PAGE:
For days, police special forces had been hunting Jaber Albakr. But in the end he was arrested by three Syrians - who have now become the heroes of their neighborhood. Fabian von der Mark reports.
Jihad can mean holy war. But it's also the name of the Syrian man from Leipzig, who is now standing on a street corner in a tracksuit top and baseball cap. During the night he heard a helicopter, the next morning he heard the news: Syrians had handed over the wanted terrorist suspect Jaber Albakr.
"Then I knew it was going to be a good day," Jihad Darwech said.
Syrians guarding Germany's most wanted man
Jihad lives only a few meters away from the house in which Germany's most wanted man was arrested at one o'clock in the morning. The police didn't encounter much resistance: at the time, Jaber A. was bound and lying in an apartment on the fourth floor of a high-rise building. He was guarded by Syrians.
Jihad still switches back and forth between German and English. He has been in Germany for 18 months and goes to German classes every day. Even though he considers the action of his fellow countrymen to be an act of bravery - it doesn't surprise him: "99 percent of Syrians in Germany are good people and would fight against terrorists for Germany any time. There is an Arabic saying: If you offer me your house, I will offer you my blood. The Germans have helped us – in a hundred years we won't forget that.”
Police released this photo of the 22-year-old refugee and asked the public for help in tracking him down
Bound, photographed – and reported
Jihad greets a fellow Syrian with a smile. A German boy walks past, takes a look at the broadcasting vans and says proudly: "This is my hood." "Respect!" is the word on the street. Even Chancellor Merkel in Berlin has praised the courage and commitment of the neighbors. They keep going over what has happened and sharing new details with each other about the heroes. It apparently all started quite innocently. The Syrians just wanted to be helpful. "If someone needs a place to sleep, of course you offer it to them," said Jihad.
And that is just what they did. When they were back at home it dawned on Jihad's neighbors and his friends whom they had invited: Jaber Albakr the producer of dangerous explosives. They called the police, but they couldn't make themselves understood. They then tied up Jaber Albakr and photographed him. One of them then took this photo to the police. At the station the officers finally understood what the Syrians were talking about – and more importantly whom they were talking about.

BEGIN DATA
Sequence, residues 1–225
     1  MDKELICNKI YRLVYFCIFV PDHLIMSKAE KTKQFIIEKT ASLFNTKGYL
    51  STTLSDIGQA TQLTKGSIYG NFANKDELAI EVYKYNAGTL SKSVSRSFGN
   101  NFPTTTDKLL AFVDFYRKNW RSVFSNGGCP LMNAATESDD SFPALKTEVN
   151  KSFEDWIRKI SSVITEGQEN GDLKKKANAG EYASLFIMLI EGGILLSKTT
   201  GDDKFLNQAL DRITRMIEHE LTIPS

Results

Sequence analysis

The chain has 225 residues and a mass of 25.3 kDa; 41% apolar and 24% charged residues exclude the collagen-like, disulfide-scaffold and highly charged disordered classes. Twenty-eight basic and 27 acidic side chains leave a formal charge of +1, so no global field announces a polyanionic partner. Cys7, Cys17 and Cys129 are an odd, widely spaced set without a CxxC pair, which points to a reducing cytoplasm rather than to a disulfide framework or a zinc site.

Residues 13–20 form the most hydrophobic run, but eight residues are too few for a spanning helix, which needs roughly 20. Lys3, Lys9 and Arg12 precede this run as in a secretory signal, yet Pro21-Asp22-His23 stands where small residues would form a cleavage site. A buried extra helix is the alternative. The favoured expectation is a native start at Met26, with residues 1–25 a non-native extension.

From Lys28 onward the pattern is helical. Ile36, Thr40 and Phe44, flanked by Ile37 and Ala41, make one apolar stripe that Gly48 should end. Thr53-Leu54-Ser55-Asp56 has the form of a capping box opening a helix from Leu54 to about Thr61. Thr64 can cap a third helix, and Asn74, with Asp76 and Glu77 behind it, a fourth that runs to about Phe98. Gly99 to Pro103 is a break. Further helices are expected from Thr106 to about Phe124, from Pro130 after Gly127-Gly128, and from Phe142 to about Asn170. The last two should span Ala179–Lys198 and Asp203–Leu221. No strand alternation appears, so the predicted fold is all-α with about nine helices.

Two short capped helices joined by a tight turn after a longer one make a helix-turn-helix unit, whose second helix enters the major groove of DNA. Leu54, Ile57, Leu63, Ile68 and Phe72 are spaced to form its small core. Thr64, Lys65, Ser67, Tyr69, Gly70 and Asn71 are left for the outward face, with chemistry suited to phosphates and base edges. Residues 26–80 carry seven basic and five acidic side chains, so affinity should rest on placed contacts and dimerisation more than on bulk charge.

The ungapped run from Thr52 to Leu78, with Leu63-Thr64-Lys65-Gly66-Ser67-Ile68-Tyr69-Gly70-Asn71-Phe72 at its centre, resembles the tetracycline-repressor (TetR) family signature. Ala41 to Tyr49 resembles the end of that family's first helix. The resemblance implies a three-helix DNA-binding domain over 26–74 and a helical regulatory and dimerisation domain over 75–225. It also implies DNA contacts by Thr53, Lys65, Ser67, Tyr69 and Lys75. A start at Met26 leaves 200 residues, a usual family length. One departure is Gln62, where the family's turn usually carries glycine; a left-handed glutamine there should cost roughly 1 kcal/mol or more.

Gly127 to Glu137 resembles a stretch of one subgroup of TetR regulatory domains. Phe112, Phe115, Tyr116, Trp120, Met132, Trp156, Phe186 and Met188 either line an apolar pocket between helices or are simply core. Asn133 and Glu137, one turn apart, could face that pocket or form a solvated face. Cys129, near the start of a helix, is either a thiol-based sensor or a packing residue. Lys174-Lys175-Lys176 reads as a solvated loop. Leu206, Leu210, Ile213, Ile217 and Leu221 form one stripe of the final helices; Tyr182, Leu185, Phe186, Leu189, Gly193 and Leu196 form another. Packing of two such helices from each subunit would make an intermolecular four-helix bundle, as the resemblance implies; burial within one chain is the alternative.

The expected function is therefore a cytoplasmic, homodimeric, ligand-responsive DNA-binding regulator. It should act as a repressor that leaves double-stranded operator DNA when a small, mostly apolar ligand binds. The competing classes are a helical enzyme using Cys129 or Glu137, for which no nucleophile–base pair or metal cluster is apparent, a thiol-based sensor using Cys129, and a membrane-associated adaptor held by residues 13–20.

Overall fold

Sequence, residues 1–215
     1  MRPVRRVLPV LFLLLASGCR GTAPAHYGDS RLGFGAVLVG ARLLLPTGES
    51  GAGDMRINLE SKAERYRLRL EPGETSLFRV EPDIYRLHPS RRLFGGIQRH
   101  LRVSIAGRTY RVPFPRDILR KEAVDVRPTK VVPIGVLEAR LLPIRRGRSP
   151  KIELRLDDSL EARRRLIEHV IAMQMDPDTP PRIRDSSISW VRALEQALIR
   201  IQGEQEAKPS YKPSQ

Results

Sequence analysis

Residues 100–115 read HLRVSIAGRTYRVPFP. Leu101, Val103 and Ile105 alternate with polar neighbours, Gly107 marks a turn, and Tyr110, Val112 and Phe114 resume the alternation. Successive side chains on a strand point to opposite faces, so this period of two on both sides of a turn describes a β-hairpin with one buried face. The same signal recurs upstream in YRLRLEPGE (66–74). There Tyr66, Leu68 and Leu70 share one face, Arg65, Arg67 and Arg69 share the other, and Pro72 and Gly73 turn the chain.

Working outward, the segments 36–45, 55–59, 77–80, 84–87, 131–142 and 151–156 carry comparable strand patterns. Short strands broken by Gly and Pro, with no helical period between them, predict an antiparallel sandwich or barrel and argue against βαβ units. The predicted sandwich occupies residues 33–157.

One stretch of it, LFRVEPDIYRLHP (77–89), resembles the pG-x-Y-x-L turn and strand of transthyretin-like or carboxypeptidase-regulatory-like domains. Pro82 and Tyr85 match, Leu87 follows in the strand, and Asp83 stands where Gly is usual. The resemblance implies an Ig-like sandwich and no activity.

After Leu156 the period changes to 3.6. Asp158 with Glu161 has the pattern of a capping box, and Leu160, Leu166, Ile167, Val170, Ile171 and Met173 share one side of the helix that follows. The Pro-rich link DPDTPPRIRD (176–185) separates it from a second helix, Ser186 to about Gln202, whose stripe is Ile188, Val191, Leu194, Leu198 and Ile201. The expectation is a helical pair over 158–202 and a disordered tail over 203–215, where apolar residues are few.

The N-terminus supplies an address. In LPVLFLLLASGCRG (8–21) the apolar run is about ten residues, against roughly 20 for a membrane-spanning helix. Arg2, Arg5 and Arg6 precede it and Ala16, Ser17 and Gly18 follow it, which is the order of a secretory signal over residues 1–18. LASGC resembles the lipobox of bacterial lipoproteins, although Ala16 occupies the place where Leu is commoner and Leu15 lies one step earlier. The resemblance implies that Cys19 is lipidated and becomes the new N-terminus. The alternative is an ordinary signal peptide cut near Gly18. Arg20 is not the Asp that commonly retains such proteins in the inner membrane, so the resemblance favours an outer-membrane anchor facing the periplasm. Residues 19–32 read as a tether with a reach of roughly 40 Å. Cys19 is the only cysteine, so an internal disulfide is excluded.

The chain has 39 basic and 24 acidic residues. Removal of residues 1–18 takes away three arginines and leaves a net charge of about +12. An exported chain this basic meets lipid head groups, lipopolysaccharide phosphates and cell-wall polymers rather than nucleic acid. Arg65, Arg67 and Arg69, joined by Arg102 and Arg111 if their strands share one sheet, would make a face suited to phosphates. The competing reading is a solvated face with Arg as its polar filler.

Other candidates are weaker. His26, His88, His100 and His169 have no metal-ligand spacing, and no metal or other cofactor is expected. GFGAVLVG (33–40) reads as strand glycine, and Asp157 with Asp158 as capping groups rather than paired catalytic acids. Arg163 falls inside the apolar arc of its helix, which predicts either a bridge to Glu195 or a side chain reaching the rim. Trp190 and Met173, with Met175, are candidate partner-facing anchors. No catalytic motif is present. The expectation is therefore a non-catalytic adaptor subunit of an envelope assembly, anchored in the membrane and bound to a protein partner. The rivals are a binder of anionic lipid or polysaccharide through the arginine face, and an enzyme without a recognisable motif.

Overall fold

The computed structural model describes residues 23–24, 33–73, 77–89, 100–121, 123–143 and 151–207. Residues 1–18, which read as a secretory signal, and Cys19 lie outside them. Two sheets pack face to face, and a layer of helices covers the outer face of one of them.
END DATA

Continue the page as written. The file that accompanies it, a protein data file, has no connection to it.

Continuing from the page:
No police chase
After that things happened quickly. There was a helicopter, a patrol car and an arrest. This time things were different, compared to last Saturday morning in Chemnitz. Then Jaber Albakr was able to escape, because he surprised police special forces by fleeing from the surrounded house. They had difficulty chasing him in their protective uniforms, which weigh 30 kilos. But by the time the police got to the apartment most of the work had been done. "They had tied him up like a parcel," said a state criminal policeman later.
Jihad is not sure he would have left it at just tying up the suspect. It makes him incredibly angry that a Syrian would take on the guise of a refugee to plan terrorist acts. But he and his peaceful compatriots don't want to allow one percent of Syrians to ruin the reputation of all the others.
"Even if it was my brother or my son. I would immediately report anyone who wants to harm Germany to the authorities." Jihad came to Leipzig with his wife and his two children from Damascus. "When I see them here, sleeping peacefully, I know what Germany has done for me." Three Syrians have become Saxon heroes in the fight against terror - but today Jihad is just purely happy. He just wants to add one more thing that is important to him: Jihad is an absolutely normal name in Syria.